The Pb core in the “Energy plus Transmutation” () target has a diameter of 8.4 cm and a length of 45 cm, and it is surrounded by a blanket of 206.4 kg natural uranium plus also a massive neutron shield. A detailed description can be found in [6, 1315].

The neutron dose measurements were carried out with solid state nuclear track detectors (SSNTD’s) by Fragopoulou et al. [6]. Their experimental techniques allow to obtain separate results for(i) low-energy neutrons with  eV,(ii)epithermal neutrons with 1 eV < < 10 keV, and(iii) intermediate-fast neutrons with 0.3 MeV < < 3 MeV.

The actual neutron ambient dose equivalent in units of Sievert (Sv) was calculated using experimental conversion factors. The results are shown in Table 2:

tab2
Table 2: Experimental neutron ambient dose equivalent from the irradiation of a Pb target in “Gamma-2” and “Energy plus Transmutation” () with 1013 protons and a comparison with model calculations [6].

The agreement between experiment and calculation is fine within uncertainties for these two target systems and in this energy range. The calculation for the “Gamma-2” target gave 15 neutrons per 1.0 GeV proton which is smaller than the corresponding number in Table 1(a) as the Pb target in Gamma-2 was smaller than Vassil'kov’s target.

A further detailed analysis of the fission rate inside the massive uranium blanket for the () system has been carried out in [15]. The authors used Monte Carlo code MCNPX 2.6C and showed that the experimental fission rates are only about ()% larger than the calculated ones.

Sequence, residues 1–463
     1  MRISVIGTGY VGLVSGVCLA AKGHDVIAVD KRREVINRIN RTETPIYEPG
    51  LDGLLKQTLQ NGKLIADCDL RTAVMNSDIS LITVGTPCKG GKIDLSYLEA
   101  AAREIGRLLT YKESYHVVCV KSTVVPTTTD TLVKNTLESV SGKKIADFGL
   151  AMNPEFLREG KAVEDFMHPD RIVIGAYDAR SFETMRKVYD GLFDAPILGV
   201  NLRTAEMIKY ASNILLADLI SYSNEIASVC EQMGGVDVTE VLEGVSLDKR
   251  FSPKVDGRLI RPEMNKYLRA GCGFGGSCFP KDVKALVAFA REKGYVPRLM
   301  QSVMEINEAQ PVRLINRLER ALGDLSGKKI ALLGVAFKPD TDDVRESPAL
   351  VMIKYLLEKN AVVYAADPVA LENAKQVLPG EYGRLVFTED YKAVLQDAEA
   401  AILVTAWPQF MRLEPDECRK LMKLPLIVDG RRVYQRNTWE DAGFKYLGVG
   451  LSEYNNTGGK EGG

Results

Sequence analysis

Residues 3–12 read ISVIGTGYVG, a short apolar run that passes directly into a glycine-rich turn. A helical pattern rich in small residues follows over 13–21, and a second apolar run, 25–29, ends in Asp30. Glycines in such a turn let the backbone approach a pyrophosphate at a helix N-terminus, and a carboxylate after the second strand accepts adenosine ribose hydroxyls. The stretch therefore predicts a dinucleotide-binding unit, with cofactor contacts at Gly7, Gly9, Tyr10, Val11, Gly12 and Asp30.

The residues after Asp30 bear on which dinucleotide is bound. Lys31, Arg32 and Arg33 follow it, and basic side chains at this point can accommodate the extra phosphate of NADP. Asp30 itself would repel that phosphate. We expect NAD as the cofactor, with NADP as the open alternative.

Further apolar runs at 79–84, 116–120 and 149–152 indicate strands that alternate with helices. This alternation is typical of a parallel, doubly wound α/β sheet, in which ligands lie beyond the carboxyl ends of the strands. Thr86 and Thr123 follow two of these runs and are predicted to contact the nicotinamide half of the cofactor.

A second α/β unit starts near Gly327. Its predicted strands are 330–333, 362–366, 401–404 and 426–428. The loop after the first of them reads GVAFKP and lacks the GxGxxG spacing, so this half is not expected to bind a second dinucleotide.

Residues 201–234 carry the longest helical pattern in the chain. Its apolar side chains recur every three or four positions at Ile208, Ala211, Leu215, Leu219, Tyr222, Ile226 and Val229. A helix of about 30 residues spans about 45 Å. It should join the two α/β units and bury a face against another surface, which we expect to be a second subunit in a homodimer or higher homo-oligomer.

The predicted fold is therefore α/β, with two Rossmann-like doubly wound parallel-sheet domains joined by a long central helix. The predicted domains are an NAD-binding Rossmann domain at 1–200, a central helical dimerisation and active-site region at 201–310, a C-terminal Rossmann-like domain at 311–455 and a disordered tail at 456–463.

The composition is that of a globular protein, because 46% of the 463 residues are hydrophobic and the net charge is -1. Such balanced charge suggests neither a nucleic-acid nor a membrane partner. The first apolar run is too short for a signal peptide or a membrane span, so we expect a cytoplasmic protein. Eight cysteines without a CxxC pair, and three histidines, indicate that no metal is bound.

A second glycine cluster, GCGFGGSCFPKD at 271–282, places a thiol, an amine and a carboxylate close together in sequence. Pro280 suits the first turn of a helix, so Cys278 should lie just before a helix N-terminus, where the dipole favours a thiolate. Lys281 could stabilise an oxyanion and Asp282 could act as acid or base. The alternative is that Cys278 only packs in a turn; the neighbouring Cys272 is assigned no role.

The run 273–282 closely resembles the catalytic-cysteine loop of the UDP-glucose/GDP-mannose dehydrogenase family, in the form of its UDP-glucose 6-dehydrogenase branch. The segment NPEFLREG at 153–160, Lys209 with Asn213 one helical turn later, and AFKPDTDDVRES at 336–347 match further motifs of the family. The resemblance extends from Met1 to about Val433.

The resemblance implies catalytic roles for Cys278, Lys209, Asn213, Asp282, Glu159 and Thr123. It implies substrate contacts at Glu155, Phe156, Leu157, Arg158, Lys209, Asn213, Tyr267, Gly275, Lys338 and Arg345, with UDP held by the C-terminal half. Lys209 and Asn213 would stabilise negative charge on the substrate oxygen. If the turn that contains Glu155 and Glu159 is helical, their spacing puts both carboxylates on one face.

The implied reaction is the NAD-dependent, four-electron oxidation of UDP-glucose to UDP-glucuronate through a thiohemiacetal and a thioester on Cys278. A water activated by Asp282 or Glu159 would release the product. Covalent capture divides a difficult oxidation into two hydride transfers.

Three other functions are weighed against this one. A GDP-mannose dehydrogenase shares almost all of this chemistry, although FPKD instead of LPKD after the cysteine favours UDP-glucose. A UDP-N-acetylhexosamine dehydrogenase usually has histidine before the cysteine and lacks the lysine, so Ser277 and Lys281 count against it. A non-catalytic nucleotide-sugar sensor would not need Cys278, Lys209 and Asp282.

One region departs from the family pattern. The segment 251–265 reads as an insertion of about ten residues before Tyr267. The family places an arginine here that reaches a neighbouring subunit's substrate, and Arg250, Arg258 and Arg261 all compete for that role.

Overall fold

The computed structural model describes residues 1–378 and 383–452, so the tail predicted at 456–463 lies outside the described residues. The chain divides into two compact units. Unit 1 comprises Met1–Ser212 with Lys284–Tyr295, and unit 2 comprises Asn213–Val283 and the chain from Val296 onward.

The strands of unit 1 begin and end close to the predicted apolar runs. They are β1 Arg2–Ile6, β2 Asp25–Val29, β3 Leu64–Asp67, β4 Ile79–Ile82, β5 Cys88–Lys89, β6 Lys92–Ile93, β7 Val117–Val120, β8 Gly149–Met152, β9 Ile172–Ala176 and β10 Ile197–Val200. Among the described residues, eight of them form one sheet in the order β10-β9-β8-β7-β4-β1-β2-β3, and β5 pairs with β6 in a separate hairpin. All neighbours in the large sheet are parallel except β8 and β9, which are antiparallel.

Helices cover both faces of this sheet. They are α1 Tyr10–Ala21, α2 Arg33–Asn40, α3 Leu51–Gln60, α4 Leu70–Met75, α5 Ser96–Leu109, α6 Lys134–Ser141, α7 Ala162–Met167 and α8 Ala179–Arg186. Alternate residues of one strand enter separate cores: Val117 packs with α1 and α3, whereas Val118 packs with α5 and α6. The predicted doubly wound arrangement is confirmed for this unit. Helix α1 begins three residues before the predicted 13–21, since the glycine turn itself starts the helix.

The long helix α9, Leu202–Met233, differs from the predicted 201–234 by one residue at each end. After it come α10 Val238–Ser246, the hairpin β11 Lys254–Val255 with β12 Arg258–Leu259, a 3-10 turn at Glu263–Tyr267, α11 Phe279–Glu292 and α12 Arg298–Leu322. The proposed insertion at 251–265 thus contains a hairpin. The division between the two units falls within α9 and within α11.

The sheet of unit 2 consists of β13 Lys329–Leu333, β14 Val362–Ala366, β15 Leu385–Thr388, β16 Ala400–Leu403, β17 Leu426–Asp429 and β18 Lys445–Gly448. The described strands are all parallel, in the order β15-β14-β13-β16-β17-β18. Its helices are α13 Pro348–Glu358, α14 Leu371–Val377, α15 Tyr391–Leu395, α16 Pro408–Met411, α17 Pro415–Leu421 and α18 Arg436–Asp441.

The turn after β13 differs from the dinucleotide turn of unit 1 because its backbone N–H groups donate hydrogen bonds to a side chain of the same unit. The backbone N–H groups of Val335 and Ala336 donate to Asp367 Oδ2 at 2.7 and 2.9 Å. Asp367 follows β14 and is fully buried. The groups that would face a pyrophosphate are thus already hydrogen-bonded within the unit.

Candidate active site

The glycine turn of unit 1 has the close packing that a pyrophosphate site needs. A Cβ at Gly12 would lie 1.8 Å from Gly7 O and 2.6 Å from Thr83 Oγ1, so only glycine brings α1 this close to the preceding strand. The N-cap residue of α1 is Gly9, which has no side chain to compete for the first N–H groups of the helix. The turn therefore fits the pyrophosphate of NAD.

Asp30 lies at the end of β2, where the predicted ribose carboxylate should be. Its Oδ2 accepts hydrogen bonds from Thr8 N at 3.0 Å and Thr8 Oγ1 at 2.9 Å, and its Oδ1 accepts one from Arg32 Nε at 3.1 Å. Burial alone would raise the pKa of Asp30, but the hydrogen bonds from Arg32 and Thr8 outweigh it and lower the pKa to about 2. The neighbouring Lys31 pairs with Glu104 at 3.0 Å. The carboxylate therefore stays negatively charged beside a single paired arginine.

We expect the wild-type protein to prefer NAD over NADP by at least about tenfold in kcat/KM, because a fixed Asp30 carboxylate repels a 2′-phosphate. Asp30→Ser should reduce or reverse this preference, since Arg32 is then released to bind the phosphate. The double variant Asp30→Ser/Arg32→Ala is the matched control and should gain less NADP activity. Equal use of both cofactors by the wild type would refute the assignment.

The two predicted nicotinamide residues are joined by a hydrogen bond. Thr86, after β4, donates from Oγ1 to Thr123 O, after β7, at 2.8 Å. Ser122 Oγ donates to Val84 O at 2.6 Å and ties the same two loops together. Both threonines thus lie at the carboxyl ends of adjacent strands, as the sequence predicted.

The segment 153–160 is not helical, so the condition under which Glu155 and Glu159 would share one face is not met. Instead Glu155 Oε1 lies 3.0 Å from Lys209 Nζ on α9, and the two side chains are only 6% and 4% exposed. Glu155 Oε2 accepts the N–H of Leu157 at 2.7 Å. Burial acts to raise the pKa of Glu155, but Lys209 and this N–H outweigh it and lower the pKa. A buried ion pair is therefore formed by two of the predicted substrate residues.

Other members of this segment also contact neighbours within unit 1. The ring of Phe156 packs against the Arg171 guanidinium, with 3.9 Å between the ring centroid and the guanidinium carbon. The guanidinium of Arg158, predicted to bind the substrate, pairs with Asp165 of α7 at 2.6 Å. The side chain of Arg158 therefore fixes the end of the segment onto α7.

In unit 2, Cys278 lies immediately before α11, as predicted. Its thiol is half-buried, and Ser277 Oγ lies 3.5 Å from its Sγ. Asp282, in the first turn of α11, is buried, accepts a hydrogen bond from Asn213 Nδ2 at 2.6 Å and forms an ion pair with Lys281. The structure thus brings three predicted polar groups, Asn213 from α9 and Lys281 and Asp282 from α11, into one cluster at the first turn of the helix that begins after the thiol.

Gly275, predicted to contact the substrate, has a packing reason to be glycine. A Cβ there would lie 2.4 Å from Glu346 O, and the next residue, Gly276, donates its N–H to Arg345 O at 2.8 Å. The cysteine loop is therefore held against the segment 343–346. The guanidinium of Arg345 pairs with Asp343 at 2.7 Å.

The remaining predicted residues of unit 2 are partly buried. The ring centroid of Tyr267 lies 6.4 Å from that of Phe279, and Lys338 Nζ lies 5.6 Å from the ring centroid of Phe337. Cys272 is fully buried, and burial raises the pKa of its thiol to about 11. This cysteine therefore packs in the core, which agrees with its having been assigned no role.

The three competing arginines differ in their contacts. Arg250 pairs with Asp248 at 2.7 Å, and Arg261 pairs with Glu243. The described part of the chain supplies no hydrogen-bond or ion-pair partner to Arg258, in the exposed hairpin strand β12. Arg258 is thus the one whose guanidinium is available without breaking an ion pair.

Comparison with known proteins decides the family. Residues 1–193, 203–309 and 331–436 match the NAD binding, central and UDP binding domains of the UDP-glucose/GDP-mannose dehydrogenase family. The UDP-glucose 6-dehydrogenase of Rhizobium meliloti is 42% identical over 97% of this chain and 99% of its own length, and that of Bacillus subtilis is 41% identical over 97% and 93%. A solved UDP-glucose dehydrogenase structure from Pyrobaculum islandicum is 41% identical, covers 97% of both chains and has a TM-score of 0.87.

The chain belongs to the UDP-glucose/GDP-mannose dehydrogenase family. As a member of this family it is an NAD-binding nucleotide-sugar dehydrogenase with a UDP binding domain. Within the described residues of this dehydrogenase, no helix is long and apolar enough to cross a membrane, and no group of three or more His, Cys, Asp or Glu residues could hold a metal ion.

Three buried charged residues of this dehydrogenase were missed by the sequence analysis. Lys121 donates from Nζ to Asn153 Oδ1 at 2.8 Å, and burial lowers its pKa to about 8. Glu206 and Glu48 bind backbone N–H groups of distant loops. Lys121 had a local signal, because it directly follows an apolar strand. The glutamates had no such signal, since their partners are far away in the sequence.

2.2.1. Neutron Dose in the Vincinity of the Target

The intermediate-fast neutron dose around the () target with its massive uranium blanket around a thick lead target is larger than around “Gamma-2”, however, the thermal-epithermal neutron dose is larger at “Gamma-2”, due to the paraffin moderator around this target (see Table 2).

2.2.2. Neutron Dose behind 1 m of Concrete

The “Gamma-2” target produced a considerable thermal neutron dose behind the concrete wall. The irradiation lasted 11 hours with a total fluence of 1013 protons of 1 GeV on target, corresponding to an average of  protons/sec. The experimental neutron ambient dose equivalent behind the concrete wall was 37 μSv/h [6], which is too much to be tolerated by humans. The ICRP 66 (International Commission on Radiological Protection, Recommendation No. 66) recommends that for a position outside the concrete shielding of accelerators in “controlled areas,” a dose should not exceed 10 μSv/h. Therefore, the Health Physics Department of JINR requested the scientists to stay at least 50 m away from the experimental area during irradiation. For irradiations of the () target, similar rules applied, but the radiation level outside the experimental area was considerably smaller due to the additional neutron shield provisions around the Pb/U target.

Further experiments measuring the neutron dose equivalent under well-defined conditions during the irradiation with heavy ions onto thick targets are necessary with relativistic ions like 2H, 4He, and 12C. Such irradiations had been carried out a decade ago using the “Gamma-2” target at the Synchrophasotron, however, without any quantitative measurements of the neutron ambient neutron dose equivalent outside the concrete shielding. In this paper, a “postfactum” estimate of the corresponding neutron ambient dose equivalent outside the concrete shielding is presented.

2.3. Neutron Emission from the “Gamma-2” Target Irradiated with Protons at the Nuclotron and Heavy Ions (2H, 4He, and 12C) at the Synchrophasotron

The comparison of the neutron emission from the “Gamma-2” target irradiated with heavy ions at the Synchrophasotron accelerator and with protons at the Nuclotron accelerator will allow the inter-calibration of experimental results from both accelerators. Figure 2 shows the detailed lay-out of the “Gamma-2” target. It consists of a metallic core of either 20 Cu or 20 Pb disks (1 cm thick, 8 cm diameter) and it is surrounded by a 6 cm thick paraffin moderator. The moderator contains grooves for plastic vials containing 1 g of La or U for radiochemical studies.